This was the second land border crossing I was making in a week. I have always found borders fascinating places, these artificial demarcations separating countries. Sometimes they are simple affairs; within the EU, for example, you might not even know you’ve crossed one (oops, am I in Germany now?). But sometimes they are trickier, even fortified affairs (I
don’t think I’ll be heading into North Korea anytime soon). Of the crossings I’ve made in my travels, though, I think the one between Rwanda and the DRC must rank among the most dramatic – not for the actual procedure, but for the remarkably stark contrast between one side and the other.
In Gisenyi, all is well maintained, clean, orderly. It’s a town in a country that is clearly prosperous and stable. On the up. But step into Goma, and you know you are in a deeply troubled place, even in a conflict zone.** The roads deteriorate rapidly, buildings are in serious disrepair, trash blows along the ground. A number of UN compounds line the road leading out of town, housing peacekeeping troops from around the world. It all had a wild-west feel (except we were in the Congo’s wild east…). What a difference a border makes.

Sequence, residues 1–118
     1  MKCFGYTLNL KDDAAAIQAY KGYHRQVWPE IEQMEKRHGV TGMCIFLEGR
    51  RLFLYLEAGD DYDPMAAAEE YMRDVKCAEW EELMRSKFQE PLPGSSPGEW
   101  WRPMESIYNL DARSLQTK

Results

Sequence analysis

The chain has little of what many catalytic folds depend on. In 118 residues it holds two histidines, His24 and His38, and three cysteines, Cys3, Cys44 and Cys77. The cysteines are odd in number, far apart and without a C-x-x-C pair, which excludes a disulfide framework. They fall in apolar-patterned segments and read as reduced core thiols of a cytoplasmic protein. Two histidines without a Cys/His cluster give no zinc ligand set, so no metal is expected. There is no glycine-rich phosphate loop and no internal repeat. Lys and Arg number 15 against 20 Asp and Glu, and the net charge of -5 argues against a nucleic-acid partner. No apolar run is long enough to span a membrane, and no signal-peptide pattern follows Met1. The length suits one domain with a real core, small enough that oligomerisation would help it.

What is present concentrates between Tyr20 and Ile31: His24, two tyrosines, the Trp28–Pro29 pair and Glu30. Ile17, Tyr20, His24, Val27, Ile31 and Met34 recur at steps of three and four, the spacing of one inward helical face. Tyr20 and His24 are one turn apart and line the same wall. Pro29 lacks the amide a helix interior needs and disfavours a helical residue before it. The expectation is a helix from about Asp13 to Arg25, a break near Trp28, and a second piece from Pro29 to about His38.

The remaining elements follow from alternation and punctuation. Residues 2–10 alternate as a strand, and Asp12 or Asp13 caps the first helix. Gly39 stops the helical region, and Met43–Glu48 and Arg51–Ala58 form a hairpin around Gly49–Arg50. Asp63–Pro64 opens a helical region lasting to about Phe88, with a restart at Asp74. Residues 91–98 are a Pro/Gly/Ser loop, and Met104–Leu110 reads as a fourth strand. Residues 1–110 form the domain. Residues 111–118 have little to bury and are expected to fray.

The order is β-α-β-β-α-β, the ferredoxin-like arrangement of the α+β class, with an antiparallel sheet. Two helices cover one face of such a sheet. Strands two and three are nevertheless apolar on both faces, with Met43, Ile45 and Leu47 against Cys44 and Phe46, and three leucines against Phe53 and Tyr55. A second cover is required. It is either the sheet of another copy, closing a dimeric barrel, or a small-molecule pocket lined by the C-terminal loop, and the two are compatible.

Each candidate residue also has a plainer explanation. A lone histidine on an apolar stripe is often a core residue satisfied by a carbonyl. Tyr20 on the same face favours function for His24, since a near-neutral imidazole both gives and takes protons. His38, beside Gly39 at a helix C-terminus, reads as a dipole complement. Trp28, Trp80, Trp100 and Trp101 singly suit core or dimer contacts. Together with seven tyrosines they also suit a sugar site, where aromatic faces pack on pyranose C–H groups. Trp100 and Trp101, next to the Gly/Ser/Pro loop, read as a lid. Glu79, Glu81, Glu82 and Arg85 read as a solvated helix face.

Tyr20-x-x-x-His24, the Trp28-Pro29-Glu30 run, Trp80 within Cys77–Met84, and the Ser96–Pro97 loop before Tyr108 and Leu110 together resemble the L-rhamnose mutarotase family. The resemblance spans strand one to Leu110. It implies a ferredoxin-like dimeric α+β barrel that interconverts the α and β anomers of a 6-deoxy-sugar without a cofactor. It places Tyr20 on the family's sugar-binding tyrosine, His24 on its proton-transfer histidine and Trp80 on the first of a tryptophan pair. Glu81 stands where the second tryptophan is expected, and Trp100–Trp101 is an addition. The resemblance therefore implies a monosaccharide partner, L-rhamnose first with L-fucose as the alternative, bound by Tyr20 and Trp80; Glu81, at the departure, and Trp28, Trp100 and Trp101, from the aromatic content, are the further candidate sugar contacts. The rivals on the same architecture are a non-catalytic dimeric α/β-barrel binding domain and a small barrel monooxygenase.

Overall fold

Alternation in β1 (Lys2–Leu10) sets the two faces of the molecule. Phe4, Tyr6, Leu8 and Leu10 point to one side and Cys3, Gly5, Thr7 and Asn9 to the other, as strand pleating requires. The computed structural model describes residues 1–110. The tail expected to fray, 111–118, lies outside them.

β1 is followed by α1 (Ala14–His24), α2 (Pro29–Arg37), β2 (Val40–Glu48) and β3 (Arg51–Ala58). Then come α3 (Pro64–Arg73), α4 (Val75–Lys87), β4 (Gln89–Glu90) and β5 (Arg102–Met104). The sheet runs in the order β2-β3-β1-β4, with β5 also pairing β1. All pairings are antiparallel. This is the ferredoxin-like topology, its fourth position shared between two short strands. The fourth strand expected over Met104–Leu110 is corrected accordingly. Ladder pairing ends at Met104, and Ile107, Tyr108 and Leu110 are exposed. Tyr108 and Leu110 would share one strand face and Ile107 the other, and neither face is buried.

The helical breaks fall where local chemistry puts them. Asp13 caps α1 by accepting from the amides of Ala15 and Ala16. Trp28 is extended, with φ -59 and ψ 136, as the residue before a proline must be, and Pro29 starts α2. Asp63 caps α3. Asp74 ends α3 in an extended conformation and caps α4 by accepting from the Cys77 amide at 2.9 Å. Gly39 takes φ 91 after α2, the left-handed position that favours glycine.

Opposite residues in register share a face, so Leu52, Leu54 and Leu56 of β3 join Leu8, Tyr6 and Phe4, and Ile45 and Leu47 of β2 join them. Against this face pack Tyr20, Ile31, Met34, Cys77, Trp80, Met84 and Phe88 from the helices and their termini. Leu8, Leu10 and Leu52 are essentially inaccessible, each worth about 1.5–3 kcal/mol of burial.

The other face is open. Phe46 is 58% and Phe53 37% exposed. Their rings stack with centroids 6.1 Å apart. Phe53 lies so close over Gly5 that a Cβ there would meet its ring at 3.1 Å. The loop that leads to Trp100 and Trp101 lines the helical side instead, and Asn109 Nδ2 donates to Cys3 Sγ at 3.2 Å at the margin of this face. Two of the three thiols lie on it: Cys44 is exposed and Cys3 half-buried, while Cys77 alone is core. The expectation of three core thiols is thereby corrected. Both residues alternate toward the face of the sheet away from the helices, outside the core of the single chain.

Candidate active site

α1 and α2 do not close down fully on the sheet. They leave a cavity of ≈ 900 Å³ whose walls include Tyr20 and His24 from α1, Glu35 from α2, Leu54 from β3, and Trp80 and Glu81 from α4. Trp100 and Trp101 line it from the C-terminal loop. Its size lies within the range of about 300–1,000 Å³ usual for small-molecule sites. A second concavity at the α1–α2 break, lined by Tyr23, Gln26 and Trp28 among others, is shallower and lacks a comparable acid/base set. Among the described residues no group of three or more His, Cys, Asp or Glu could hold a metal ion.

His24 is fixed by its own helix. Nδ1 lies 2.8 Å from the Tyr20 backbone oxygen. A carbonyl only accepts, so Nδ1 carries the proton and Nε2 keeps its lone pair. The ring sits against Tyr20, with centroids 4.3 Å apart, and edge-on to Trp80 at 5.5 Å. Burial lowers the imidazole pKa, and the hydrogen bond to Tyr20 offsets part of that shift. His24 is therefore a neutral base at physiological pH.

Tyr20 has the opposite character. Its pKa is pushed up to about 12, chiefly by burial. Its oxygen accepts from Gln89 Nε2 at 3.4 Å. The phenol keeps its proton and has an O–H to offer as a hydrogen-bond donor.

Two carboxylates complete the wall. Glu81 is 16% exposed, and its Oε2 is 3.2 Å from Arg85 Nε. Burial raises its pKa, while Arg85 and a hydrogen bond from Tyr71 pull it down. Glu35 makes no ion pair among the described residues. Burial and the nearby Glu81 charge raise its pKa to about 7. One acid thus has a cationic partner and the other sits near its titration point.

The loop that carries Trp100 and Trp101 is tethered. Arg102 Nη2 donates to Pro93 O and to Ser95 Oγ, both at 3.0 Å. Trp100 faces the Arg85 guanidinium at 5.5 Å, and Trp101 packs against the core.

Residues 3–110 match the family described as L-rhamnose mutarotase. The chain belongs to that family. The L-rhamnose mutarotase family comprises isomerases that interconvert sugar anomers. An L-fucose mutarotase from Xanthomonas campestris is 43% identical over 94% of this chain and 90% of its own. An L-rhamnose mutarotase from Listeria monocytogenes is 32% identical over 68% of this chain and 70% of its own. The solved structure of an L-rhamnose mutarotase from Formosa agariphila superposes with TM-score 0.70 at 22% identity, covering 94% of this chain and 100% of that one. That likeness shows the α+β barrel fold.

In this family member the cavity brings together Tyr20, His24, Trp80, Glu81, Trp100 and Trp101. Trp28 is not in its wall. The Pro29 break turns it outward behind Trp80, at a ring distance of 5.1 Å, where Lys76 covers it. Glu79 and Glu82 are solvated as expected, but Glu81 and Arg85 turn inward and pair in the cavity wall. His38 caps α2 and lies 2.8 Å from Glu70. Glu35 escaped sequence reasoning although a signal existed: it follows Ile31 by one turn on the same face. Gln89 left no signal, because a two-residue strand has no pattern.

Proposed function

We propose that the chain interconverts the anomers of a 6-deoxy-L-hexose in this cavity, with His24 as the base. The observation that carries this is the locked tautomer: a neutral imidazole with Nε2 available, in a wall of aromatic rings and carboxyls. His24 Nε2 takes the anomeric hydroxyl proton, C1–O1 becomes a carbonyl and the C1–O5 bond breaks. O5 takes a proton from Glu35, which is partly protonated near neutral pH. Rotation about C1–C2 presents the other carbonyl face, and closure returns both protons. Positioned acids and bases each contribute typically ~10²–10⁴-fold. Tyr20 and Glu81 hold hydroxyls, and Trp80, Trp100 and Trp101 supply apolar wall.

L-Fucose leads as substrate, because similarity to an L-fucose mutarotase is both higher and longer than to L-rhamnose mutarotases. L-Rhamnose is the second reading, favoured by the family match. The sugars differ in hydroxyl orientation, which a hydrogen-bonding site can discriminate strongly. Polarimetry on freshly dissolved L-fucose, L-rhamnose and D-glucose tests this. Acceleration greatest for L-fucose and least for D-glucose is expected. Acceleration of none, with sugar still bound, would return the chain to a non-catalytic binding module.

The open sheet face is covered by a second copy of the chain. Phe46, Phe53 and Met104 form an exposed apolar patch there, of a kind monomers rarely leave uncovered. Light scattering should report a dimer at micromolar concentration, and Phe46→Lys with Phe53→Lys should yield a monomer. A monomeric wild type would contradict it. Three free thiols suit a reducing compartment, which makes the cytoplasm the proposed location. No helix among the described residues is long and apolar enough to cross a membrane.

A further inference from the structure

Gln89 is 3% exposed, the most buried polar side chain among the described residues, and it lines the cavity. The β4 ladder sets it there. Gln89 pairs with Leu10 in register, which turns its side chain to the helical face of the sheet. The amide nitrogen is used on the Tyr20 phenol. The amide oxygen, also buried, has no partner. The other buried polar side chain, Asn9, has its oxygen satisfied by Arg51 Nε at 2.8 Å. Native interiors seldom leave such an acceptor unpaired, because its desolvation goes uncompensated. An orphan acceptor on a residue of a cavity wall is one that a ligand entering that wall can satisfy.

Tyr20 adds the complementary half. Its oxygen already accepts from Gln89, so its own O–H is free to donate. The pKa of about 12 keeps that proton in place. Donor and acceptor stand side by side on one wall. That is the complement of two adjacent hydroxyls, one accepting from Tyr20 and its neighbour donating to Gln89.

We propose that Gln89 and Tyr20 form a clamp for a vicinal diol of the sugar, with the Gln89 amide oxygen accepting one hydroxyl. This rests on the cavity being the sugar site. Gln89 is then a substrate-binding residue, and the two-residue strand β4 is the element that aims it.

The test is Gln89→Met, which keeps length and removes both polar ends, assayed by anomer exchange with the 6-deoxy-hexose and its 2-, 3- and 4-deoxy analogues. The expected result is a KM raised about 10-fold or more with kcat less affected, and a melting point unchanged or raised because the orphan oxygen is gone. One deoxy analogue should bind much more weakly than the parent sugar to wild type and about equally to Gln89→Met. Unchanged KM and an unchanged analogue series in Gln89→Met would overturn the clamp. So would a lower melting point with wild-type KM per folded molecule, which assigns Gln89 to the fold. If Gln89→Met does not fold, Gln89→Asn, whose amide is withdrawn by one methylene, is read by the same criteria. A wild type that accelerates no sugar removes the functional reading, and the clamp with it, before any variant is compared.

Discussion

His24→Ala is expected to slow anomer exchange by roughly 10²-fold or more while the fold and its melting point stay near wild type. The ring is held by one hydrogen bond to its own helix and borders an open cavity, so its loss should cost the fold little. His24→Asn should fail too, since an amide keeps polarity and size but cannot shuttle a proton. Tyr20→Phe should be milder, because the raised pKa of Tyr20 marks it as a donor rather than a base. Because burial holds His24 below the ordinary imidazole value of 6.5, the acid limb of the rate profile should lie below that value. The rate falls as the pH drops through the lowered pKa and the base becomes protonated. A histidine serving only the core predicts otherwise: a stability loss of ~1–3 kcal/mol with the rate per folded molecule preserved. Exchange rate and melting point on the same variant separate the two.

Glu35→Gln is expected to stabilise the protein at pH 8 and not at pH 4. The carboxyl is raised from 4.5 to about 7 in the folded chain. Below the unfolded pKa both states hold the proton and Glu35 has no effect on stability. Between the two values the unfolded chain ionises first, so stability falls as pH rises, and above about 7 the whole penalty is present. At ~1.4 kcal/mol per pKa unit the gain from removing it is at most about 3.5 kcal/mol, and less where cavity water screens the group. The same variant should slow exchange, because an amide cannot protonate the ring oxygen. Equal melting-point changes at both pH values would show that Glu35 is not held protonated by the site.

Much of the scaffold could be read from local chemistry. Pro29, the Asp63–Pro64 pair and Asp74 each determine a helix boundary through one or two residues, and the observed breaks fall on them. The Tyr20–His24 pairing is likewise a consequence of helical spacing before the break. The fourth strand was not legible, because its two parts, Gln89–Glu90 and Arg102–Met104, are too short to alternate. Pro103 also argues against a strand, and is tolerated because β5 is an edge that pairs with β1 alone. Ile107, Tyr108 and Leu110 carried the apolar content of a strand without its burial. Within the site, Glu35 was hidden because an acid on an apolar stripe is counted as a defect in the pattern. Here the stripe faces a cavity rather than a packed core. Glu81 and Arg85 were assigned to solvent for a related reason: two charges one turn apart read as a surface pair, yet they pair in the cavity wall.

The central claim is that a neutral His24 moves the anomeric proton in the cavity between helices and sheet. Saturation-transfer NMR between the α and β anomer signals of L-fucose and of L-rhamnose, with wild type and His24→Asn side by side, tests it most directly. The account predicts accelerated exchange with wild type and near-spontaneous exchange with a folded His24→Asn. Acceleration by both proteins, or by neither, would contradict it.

The Congo had loomed large, both figuratively and literally, in my imagination even before I moved to Africa. Although perhaps first entering my consciousness when reading Joseph Conrad’s Heart of Darkness in high school, the Congo began making an even greater impression on me the more I
taught world history and had to address the topic of colonialism in Africa. I was fascinated by the dark tale of how King Leopold II of Belgium - that tiny country on the edge of Europe - came to control as his personal fiefdom the vast heart of Africa – calling his claim, with terrifying irony, the Congo Free State. The reports of unspeakable horrors that began to leak out of the Congo during the late nineteenth/early twentieth centuries – the stories of native hands being cut off, of cruel tortures of women and children, of the countless deaths of innocent Congolese, all for the profit of a few European men – set off one of the first major international human rights campaigns in history. This, in turn, led to Belgium taking control of the “Free State” as a more traditional colony in 1908, but the Congo’s troubles were far from over.